Roundup: Associations React to British Brexit “Yes” Vote
The decision by the United Kingdom to leave the European Union, which came about in a close vote, has many groups pondering their industries' future without the EU's backing. Here are just a few of the many that spoke up after the vote.
The global business community was already bracing for a potential Brexit, but the confirmation that the United Kingdom will leave the European Union doesn’t clear anything up.
For many organizations, the dramatic-but-close vote simply casts additional clouds on the world economy—especially after Prime Minister David Cameron, who put the referendum vote on the table as part of his last reelection bid, announced he would resign on Friday.
With the potential effects of the vote so far-reaching, it’s understandable why so many organizations wanted to have a say. Here are just a few comments that stood out:
The Scotch Whisky Association, whose membership has been a major beneficiary of the global reach of the European Union, warned that a vote to depart could severely hurt the industry—a pitch it also made two years prior, when Scottish independence was on the table. But now the group is attempting to remain strong amid the pending change. “The process of leaving the EU will inevitably generate significant uncertainty. Of course, we are confident Scotch whisky will remain the preeminent international spirit drink,” SWA’s chief executive, David Frost, said in comments to The Scotsman. However, he warned of “serious issues to resolve” regarding trade agreements and continued access to the European Union.
The Association of British Orchestras, which represents a significant part of the classical music world, raised concerns about how Brexit would affect public funding of the arts. “We will need the new leadership of this country to give us guarantees as to continued freedom of movement across Europe’s borders for our orchestras, artists, and orchestral musicians, and whether the many pan-European regulations that currently affect our sector–from VAT Cultural Exemption to harmonization of radio spectrum, Noise at Work to the Digital Single Market–will still apply,” the group said in a statement reported by Classic FM.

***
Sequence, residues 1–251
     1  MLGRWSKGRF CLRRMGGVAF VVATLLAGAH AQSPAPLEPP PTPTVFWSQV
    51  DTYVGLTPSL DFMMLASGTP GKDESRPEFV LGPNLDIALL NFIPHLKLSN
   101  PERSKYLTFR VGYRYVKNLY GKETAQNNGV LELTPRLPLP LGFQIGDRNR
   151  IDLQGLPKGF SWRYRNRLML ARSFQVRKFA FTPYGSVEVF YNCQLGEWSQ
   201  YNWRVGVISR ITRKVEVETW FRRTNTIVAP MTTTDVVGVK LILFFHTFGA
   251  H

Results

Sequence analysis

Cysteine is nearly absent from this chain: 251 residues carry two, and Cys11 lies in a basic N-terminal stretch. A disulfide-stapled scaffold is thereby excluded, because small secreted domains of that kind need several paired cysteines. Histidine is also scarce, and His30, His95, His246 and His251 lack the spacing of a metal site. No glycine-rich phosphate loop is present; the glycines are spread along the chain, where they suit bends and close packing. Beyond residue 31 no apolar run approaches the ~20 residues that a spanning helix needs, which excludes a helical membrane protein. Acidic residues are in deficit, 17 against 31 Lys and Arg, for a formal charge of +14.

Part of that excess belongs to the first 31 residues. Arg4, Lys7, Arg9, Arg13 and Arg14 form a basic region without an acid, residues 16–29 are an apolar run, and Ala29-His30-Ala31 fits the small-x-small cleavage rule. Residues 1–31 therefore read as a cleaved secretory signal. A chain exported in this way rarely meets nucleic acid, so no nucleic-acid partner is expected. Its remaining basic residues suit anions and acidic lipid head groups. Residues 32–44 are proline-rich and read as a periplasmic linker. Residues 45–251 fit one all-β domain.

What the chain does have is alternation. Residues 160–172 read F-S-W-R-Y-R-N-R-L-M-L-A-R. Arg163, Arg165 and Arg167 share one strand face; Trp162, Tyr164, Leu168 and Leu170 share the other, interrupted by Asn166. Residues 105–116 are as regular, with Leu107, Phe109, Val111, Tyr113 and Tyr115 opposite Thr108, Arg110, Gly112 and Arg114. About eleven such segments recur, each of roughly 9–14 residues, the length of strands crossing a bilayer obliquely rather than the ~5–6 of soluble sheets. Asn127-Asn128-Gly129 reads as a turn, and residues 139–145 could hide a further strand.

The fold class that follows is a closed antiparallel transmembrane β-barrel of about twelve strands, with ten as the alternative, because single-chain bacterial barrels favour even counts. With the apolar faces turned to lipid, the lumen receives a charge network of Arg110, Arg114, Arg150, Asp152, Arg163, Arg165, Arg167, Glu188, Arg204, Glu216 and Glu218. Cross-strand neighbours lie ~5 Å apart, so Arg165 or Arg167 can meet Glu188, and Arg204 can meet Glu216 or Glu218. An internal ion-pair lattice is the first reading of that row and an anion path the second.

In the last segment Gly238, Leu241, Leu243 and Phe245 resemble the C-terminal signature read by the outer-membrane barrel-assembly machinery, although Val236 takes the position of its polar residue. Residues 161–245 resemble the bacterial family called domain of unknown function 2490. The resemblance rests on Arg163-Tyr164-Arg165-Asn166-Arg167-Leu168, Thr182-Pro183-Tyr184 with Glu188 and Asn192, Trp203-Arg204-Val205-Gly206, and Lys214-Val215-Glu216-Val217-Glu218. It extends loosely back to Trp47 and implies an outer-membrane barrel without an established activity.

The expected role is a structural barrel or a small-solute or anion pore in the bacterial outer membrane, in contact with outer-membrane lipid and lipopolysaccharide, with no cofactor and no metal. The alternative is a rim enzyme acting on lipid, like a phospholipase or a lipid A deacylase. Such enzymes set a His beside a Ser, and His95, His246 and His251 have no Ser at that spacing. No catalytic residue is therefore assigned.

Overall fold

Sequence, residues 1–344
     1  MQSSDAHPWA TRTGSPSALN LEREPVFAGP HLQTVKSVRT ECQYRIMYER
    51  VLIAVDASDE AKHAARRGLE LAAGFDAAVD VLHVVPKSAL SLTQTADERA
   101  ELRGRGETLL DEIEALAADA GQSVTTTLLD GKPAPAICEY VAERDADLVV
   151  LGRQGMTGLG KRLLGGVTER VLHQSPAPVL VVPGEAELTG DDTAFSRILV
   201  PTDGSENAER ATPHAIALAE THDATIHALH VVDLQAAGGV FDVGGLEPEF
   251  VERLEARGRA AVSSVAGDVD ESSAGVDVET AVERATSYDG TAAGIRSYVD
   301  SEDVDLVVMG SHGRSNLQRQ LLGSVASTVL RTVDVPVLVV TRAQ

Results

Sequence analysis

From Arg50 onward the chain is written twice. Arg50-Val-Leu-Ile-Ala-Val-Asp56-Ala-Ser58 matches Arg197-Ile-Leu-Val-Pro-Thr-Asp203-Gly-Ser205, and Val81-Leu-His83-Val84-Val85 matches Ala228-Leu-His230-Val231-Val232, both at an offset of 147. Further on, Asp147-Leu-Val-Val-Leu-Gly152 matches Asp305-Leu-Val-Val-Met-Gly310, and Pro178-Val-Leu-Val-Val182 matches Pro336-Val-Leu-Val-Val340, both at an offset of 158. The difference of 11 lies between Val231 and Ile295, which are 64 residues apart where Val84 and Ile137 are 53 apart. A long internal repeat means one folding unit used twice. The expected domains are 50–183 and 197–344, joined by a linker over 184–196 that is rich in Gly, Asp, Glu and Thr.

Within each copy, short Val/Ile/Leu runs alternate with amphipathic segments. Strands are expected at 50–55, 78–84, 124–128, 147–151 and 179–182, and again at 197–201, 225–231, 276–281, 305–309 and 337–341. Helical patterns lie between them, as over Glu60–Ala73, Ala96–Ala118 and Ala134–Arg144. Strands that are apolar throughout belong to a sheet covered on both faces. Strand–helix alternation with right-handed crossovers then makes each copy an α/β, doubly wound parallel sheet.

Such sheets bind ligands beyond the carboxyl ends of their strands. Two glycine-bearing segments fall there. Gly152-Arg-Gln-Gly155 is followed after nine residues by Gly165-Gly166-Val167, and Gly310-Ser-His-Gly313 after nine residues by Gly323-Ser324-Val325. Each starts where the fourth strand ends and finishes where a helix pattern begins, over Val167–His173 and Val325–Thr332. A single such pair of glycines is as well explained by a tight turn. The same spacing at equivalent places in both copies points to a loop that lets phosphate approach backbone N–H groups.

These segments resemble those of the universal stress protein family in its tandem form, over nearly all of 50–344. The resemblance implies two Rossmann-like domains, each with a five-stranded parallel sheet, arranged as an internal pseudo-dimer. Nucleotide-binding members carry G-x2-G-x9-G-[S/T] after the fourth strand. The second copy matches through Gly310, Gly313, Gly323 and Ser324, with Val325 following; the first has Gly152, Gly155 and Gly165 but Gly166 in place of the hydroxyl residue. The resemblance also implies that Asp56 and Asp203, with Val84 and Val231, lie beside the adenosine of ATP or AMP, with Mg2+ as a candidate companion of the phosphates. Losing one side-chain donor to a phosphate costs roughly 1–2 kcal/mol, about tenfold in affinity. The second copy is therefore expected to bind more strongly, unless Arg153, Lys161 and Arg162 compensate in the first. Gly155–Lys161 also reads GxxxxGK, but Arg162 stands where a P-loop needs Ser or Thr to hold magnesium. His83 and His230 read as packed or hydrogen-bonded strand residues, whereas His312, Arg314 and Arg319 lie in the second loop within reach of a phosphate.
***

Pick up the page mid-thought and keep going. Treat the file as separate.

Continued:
The Association of British Travel Agents says that the process of Britain leaving the EU remains fluid, but it shouldn’t have an immediate impact on travelers. “Until the UK officially leaves the EU, not sooner than two years’ time, there will be no changes to holiday arrangements,” ABTA said in an FAQ released Friday. “Travelers are as free to move between the UK and the EU as they were before the vote, European Health Insurance cards remain valid, and regulations such as Air Passenger Rights remain in place.” However, one change that will likely affect travelers, admits ABTA, is the decrease in the value of the pound, which it says will impact their spending power.
TechUK, a major trade group for electronics, says that while the change creates uncertainty, it and its members are up for the challenge—and the group emphasized that the industry would maintain strong even without the vote. “Today, just as it was yesterday, the UK remains a great place to start, locate, and grow a tech business,” said Julian David, techUK’s CEO, in comments to Electronics Weekly. “It is full of talented, skilled, and passionate people with the ideas and creativity to make great things happen.”
The Royal Society of Chemistry emphasized that it would focus on the impact of the change for its members, who could lose access to EU funding and research opportunities in other EU countries. “We will be monitoring post-referendum developments closely to understand and respond to the impacts on and opportunities for the research community,” the group said in a statement on Thursday. “We will continue to support our members in developing strong international collaborations and doing the kind of cutting-edge research needed to drive forward innovation and tackle global challenges.”